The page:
Yes, using a human to assess the fitness function sounds good - I forgot about that idea from before. There was even an article from Slashdot about a website with an applet that evolved a function to create pictures that people thought looked 'good'. Same principle here. And yep, we can discover unseen shapes!

The only problem is that if we ever find it, the math could quite easily cover a few pages if we let this thing run havoc!

Heh, yep. Also like this:

http://img383.imageshack.us/img383/893/sphereflake02hd3.jpgI'm not sure exactly what you mean by the Mandalisk, but it sounds like you are pursuing the 3d Mandelbrot?

Yep, just another name for it, since Mandelbulb has been used up already

I'll have to create an artist's impression of what I think a zoom-in will look like sometime. It'll be 10x weirder than one can imagine though.

However, I guess the only true fittness function that will work will be the actual human perception. And that's hard for several reasons:

- Highly subjective

We'll be looking out for anything resembling spheres surrounding spheres and recursive definitions thereof. Maybe a 3D cardioid too.

limited to 2D projections/cutthroughs,

Well, a light-sourced 3D shaded render will give a pretty good idea of what it should look like. No real need for cutthroughs imo, though that could help I guess in the assessment.

- even if you only go for the overall shape: It's SlOOOOW and tedious.

Not with a GPU

(The human perception fittness curve algorithm will not be exponential, but the slow, semi-chemical computing implementation will make it look like that.)

I'm unsure how many generations would be required to make it look good. So yeah, there's a chance that we still may need to define a fitness function for speed.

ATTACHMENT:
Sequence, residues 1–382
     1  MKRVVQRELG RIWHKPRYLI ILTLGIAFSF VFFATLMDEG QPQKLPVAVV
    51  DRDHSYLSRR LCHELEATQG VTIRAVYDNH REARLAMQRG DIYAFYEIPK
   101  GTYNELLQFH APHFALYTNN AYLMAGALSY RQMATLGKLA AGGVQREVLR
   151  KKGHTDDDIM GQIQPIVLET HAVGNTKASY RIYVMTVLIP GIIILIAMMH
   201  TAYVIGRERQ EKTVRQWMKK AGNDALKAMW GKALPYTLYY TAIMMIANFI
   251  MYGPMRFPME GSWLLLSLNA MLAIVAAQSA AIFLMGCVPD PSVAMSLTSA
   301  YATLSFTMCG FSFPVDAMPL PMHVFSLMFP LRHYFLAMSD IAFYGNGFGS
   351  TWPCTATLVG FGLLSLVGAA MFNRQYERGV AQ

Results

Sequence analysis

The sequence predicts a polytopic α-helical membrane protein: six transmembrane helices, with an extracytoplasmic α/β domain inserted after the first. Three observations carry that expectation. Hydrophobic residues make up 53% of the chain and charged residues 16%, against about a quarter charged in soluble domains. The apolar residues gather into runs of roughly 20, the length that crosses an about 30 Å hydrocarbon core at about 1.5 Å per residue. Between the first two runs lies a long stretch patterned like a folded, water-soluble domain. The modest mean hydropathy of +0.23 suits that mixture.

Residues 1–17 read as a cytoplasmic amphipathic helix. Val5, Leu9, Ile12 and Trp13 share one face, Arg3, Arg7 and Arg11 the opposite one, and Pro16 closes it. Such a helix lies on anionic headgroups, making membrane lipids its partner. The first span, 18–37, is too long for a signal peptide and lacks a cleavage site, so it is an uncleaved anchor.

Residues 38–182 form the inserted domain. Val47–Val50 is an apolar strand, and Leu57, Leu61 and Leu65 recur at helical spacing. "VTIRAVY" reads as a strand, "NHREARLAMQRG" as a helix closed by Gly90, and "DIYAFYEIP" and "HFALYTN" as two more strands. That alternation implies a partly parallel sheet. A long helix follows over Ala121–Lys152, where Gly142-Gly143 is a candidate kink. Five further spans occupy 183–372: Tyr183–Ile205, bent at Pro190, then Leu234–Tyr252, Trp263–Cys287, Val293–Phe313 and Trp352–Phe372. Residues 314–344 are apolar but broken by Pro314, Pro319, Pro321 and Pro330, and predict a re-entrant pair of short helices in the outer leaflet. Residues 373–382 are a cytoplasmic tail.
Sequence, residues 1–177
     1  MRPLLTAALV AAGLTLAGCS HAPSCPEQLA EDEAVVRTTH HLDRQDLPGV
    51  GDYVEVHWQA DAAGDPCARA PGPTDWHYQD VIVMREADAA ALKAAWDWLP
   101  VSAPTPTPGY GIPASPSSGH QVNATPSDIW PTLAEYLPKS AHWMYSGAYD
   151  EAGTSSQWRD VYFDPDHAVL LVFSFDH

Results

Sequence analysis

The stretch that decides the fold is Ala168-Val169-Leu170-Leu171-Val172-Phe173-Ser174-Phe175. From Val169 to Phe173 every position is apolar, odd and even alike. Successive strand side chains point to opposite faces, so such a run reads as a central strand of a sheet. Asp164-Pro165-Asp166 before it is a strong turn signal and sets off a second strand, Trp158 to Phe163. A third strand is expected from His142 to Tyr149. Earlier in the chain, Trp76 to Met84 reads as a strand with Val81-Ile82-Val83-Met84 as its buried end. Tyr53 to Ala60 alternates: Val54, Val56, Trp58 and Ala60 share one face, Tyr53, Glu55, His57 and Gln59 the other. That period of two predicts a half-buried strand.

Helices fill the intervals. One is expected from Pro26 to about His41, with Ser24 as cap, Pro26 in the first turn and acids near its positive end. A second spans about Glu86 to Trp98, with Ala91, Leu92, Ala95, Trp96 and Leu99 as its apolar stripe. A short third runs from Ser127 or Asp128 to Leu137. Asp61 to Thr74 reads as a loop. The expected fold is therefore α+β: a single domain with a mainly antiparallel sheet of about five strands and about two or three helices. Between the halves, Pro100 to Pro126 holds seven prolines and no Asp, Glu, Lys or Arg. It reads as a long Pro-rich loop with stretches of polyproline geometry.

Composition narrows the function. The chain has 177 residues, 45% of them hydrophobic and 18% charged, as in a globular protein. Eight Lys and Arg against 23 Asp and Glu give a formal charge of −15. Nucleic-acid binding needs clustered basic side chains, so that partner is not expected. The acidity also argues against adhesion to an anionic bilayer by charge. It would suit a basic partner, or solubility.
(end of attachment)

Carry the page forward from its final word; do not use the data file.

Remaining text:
Then, you basically rank the outputs without even knowing, which the fitness function had chosen. And based on that, it tries to become more and more confident with its picks. After some time (maybe some tenthousand images or so), it will be nearly confident enough to make its own picks.

So that's essentially evolving the fitness function I think...

Doing it first for a 2D set will be crucial, I guess, to at least be able to hope for any sign of covergence

Yes using the 2D Mandelbrot as a testing ground would be helpful. We'd start out with nothing, or maybe with the Mandelbrot template but without the rotation function, and work from there.

I was actually thinking of only evolving the rotation function for when we try to evolve the Mandalisk (so the rest of the Mandelbrot-esque code is already in place).

So basically a fitnessfunction that is you, which controlls a fitnessfunction that changes itself based on genetic algoritms, which then controls the actual fractal/approximation of a fractal.

Grand

That itself could be recursive, a fitness function which helps define a fitness function which controls a fitness function etc. (head explodes).